- Will European Privacy in the United States be Trumped?
- March 30, 2017 | Authors: Steven Baker; Jenna Rennie; Janaki Tampi
- Law Firm: Cadwalader, Wickersham & Taft LLP - London Office
- In recent weeks there has been significant debate among commentators about whether Europeans’ privacy is becoming less protected in the US and what that may mean for the privacy protection arrangements between the EU and the US.
The debate was sparked on 25 January 2017, when US President Donald Trump signed the Executive Order “Enhancing Public Safety in the Interior of the United States”. Section 14 of the Executive Order provides that:
“Agencies shall, to the extent consistent with applicable law, ensure that their privacy policies exclude persons who are not United States citizens or lawful permanent residents from the protections of the Privacy Act regarding personally identifiable information.”
Despite initial concerns raised over the Executive Order’s exclusionary language, it should not have an immediate negative impact on the privacy protection arrangements between the EU and the US for two reasons:
- First, the US Privacy Act protects the collection, processing and disclosure of personal data by the federal executive and federal agencies. It does not impact the transfer of data between private organisations. Data transferred from the EU to the US is instead protected under the EU - US Privacy Shield Framework (“Privacy Shield”). The Privacy Shield provides a EU-compliant mechanism for the transfer of personal data by EU-based companies to US-based companies. The mechanism works when US-based companies commit to the Privacy Shield and agree to comply with applicable EU data protection and privacy laws. That commitment is then enforceable under US law, and there is an independent recourse mechanism for breach of commitment. Section 14 of the Executive Order, which applies to federal agencies, should therefore have limited impact on personal data transferred from EU-based organisations to US-based organisations.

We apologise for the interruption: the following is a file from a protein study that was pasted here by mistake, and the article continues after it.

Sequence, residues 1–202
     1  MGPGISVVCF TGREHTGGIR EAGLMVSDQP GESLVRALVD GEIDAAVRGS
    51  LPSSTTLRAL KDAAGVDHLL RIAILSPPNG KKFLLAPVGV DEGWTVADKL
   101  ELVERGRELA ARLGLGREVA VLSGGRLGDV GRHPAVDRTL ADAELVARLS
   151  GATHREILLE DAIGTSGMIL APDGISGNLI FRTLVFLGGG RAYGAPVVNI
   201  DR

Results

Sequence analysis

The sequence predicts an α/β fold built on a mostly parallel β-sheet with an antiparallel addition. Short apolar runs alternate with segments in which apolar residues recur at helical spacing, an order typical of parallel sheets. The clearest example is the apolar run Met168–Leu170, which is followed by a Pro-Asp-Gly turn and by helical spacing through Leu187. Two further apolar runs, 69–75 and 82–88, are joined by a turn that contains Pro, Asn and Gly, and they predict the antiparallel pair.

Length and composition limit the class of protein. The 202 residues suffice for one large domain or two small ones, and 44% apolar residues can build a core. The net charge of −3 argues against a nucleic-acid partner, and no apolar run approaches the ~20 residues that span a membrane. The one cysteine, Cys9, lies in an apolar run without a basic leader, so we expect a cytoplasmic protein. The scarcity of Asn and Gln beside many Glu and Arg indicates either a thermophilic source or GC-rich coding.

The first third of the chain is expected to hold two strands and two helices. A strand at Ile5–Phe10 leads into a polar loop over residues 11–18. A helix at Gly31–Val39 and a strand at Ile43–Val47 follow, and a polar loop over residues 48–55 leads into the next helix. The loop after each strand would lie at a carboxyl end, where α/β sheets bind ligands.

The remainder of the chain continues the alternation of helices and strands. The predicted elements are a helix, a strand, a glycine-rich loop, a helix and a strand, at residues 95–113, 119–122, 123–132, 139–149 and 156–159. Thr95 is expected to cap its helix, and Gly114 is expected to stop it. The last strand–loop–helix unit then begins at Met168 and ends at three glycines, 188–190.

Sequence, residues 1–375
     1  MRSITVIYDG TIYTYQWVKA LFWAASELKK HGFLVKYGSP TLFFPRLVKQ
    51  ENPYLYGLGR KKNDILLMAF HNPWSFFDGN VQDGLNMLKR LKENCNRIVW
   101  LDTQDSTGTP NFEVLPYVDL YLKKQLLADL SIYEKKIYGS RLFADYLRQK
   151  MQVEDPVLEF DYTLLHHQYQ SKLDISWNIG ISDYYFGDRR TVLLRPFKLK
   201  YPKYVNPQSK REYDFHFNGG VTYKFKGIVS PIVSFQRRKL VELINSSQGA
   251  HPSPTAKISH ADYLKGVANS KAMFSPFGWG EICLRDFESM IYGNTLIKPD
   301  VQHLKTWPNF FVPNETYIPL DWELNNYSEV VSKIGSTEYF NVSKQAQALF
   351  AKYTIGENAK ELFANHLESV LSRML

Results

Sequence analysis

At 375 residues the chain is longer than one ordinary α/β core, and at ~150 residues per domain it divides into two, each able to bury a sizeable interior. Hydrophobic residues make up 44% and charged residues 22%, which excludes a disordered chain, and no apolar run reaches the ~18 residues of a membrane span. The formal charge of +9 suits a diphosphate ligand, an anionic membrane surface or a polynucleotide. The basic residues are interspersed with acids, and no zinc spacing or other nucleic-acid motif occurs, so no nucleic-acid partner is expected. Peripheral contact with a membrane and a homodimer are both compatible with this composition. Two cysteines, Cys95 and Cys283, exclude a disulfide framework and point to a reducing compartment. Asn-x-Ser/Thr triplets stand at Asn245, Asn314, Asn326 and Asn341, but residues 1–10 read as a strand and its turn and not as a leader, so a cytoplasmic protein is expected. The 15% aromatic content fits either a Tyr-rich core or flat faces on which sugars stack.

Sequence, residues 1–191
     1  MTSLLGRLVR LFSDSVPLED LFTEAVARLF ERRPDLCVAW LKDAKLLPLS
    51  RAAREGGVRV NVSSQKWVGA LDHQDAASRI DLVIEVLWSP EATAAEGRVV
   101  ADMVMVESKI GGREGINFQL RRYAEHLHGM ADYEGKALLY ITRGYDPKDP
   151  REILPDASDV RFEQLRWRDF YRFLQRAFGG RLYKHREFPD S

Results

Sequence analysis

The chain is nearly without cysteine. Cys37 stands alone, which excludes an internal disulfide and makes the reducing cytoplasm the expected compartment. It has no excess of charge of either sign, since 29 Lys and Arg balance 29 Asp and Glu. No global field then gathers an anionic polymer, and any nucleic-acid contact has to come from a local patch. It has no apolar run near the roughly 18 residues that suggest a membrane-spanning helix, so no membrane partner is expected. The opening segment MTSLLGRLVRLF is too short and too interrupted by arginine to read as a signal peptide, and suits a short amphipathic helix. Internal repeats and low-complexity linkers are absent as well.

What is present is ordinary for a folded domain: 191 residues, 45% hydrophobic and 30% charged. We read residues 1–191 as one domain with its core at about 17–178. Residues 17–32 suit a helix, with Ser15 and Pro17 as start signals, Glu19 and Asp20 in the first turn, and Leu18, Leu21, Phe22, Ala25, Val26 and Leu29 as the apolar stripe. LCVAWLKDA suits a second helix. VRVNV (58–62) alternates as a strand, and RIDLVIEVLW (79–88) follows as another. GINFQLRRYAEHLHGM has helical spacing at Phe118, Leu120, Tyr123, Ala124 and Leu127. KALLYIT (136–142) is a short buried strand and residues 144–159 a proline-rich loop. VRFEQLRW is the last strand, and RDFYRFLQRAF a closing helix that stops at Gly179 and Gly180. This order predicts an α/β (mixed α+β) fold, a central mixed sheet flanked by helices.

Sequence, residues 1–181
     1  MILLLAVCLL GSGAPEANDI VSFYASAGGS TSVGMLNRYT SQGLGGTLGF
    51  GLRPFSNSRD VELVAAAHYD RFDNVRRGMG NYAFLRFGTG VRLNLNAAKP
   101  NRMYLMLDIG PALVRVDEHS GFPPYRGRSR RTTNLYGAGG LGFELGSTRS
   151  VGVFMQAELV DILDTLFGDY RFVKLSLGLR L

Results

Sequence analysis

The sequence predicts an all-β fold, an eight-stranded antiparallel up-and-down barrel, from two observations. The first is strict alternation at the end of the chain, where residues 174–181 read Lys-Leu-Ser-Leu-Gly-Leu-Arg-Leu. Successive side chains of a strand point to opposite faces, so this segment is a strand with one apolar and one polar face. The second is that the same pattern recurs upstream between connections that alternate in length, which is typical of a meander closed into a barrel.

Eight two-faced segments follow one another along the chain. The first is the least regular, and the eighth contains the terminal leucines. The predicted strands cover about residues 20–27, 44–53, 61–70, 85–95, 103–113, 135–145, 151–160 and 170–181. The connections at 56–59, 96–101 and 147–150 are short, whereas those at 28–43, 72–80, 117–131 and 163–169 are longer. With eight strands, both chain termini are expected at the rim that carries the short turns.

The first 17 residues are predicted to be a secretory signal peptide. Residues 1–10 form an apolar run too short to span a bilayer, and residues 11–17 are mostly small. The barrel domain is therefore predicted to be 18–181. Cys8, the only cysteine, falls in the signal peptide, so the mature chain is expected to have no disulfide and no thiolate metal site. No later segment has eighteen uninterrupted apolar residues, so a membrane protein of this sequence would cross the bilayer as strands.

- Second, in terms of the processing of EU citizens’ information by US agencies, the EU-US Umbrella Agreement and the US Judicial Redress Act provide EU citizens with the same benefits as US citizens under the US Privacy Act, including access to US courts to obtain US Privacy Act remedies. However, EU residents do not necessarily benefit from these same protections.
Privacy Shield uncertainties continue
The EU-US Privacy Shield has been operating on uncertain ground even before the Executive Order.
On 12 July 2016 the European Commission (“EC”) adopted its Adequacy Decision, enabling companies to rely on the Privacy Shield. On 26 July 2016, only a few weeks after the Adequacy Decision, the EC Article 29 Working Party (“WP”) stated that it did not consider that the Privacy Shield adequately addressed EU privacy requirements. In particular, the WP expressed its regret in respect of matters including:
- the lack of certainty as to how the Privacy Shield Principles apply to data processors;
- the absence of ‘concrete assurances’ that bulk collection of personal data in the US will not occur again; and
- no specific rules on automated decisions and a general right to object.
Continued uncertainty persists for EU and US-based companies who are currently reliant on the provisions of the Privacy Shield to ensure their business operations comply with EU data protection requirements. Even though no immediate action is required, companies will need to carefully watch developments on both sides of the Atlantic.